Expert Commentary

Chemical exposures to lead, mercury and PCBs among childbearing-aged women

2012 study from Brown University and the University of Rhode Island on the body burden and risk factors for U.S. women of child-bearing age.

Pregnant woman standing in field (iStock)

Living in an industrial society has its advantages, including abundant food, endless consumer goods and speedy transportation options (assuming one can afford it all). But while some risks can be minimized, it’s much harder to escape the environmental pollution that results from activities such as automobile use, and even seemingly innocuous products can be rife with industrial additives.

Mercury, PCBs and lead are known to have a negative impact on human health and development, but less is know about consequences of exposure to two or three of them simultaneously. A 2012 study published in Environmental Research, “Multiple Environmental Chemical Exposures to Lead, Mercury and Polychlorinated Biphenyls Among Childbearing-Aged Women,” looked at women aged 16 to 49 whose levels of exposure to all three substances were at or above average. In the study, the chemicals are collectively referred to as “xenobiotics” — substances found in the body that it doesn’t produce or that wouldn’t be expected to be present.

The researchers, at Brown University and the University of Rhode Island, based their research on analysis of the National Health and Nutrition Examination Survey (1999-2004). In all, 3,173 women were included in the study.

The findings include:

  • More than 20% of the women examined had levels of lead, mercury, and PCBs at or above average. “Among the 33% of women who had two xenobiotic levels at or above the median, it was as likely to be PCBs-lead (36%), mercury-lead (34%) or mercury-PCBs (29%). Among the 27% of women having only one xenobiotic level at or above the median, it was as likely to be lead (43%), mercury (36%) or PCBs (21%).”
  • “Consuming fish more than once per week quadrupled the odds of having two or more xenobiotic levels at or above the median when compared to those women who had no fish consumption during this same time period. Fish consumption correlated significantly to mercury-PCB exposures.”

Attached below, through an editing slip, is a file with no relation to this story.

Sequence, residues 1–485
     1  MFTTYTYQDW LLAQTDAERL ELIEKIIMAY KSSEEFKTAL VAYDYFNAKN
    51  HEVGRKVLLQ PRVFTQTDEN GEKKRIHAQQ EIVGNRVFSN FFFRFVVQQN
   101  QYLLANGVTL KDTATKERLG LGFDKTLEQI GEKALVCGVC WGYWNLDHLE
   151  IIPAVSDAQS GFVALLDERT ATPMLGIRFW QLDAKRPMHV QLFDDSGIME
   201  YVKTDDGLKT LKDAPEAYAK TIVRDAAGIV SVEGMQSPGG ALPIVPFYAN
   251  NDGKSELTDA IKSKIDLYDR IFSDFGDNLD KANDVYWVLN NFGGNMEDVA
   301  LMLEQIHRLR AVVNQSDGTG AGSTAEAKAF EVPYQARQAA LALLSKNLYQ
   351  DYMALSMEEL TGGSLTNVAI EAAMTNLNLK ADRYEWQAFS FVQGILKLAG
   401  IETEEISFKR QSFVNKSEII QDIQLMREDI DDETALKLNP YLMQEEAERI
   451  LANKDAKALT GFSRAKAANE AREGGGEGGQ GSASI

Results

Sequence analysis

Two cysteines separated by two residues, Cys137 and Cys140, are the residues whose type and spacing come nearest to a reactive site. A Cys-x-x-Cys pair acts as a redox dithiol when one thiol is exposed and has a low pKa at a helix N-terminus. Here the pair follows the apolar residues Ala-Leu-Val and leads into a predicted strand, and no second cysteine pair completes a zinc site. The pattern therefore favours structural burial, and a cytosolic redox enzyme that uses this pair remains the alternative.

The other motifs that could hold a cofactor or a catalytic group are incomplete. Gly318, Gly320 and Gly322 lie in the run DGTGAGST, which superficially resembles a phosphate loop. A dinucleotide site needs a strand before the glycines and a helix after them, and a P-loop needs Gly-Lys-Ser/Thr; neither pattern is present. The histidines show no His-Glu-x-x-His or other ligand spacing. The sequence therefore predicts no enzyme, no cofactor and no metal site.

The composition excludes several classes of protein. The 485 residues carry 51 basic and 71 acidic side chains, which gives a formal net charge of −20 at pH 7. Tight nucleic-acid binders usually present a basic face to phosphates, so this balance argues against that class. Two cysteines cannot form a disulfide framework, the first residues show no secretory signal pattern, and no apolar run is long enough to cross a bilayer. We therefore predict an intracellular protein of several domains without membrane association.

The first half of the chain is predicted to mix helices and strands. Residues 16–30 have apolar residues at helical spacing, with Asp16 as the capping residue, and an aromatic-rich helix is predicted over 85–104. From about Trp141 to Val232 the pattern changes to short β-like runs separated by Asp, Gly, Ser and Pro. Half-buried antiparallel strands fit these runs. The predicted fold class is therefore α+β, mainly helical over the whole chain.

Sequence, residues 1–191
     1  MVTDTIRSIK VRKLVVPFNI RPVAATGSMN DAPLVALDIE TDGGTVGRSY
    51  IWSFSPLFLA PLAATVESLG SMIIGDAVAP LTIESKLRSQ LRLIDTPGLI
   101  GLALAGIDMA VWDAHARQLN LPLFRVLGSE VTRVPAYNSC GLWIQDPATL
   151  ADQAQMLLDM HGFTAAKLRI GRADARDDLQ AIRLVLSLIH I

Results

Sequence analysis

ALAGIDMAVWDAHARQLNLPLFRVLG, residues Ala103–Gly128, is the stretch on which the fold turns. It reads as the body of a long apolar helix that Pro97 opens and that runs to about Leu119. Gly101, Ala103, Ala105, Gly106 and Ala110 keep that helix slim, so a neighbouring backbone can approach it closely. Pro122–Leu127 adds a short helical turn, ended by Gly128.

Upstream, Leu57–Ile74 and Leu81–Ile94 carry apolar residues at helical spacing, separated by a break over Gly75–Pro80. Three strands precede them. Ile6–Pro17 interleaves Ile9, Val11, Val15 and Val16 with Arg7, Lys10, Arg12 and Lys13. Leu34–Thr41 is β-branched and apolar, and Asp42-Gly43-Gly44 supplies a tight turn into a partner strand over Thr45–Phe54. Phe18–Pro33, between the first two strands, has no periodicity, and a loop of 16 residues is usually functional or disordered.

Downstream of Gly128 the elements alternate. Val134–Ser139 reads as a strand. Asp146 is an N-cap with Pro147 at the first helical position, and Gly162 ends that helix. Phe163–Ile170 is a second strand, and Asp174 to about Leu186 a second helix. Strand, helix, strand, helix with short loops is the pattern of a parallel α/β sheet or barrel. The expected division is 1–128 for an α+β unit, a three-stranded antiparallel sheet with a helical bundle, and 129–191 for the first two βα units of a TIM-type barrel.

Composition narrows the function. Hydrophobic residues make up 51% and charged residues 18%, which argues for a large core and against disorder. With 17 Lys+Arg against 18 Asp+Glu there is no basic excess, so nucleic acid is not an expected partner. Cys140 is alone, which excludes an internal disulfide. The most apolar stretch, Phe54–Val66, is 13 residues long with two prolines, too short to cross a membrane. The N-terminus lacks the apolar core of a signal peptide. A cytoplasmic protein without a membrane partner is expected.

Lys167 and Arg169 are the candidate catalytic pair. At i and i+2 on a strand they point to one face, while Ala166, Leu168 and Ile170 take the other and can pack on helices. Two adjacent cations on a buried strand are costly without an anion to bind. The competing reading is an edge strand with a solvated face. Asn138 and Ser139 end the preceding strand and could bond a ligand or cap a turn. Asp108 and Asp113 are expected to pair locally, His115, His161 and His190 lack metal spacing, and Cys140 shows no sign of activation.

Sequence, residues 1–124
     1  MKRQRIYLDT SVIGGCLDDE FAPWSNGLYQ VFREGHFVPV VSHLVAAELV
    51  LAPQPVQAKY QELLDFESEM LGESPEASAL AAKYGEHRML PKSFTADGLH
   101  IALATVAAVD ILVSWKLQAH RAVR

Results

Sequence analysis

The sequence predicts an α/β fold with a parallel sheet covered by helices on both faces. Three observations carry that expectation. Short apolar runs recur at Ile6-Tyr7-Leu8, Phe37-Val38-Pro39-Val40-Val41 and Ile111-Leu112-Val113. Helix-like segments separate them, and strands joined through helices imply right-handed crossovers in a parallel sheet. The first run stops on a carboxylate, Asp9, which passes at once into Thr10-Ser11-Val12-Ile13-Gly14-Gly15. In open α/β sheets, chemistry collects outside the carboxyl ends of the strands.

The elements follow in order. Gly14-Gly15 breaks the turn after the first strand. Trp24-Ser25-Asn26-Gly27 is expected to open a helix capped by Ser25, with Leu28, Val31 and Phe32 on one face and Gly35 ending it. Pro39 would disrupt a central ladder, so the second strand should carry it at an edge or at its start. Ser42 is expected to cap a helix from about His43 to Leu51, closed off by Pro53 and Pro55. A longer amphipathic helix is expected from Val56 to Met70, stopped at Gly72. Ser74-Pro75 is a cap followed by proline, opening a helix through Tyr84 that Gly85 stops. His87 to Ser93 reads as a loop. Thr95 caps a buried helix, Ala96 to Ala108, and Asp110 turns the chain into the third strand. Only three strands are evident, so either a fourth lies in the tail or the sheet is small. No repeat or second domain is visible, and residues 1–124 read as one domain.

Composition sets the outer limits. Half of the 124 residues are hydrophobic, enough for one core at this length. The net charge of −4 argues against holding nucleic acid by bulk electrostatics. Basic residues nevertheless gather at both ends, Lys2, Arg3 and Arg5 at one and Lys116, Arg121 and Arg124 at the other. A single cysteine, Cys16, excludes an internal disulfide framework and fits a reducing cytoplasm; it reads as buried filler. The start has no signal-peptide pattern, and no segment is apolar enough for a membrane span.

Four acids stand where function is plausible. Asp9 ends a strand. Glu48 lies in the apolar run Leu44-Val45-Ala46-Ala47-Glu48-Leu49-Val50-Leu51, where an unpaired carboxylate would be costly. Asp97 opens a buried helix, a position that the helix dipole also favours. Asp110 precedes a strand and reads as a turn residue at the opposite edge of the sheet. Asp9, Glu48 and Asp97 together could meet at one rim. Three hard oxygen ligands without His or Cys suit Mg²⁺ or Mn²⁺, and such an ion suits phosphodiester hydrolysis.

• Heavy alcohol consumption raised the likelihood of having two or more xenobiotic levels at or above the median.
  • Women who had breastfed at least one child for a month or more were 44% less likely to have two or more xenobiotic levels at or above the median than those who had never breastfed. On the other hand, “current breastfeeding tended to increase the odds of these women having two or more xenobiotics at or above the median, however this relationship was not [statistically] significant.”
  • The odds of having two or more xenobiotic levels at or above the median rose exponentially with age. The oldest subset of women (aged 40–49) had a markedly higher risk than younger groups.
  • Some evidence was found of increased risk among minority women independent of other risk factors.

“The findings of this study should be used to inform healthcare practitioners and environmental health professionals of the widespread prevalence of childbearing-aged women’s exposure to lead, mercury and PCBs,” the researchers state in conclusion. “Emphasis should be placed on bioaccumulation, maternal exposures and intergenerational transfers during gestation and lactation.” The researchers also suggest that a “balanced approach” be taken when communicating the risks and benefits of fish consumption as well as breastfeeding.

Keywords: children, parenting, pollution, neurotoxins, pregnancy, pregnant, body burden, plastics

About The Author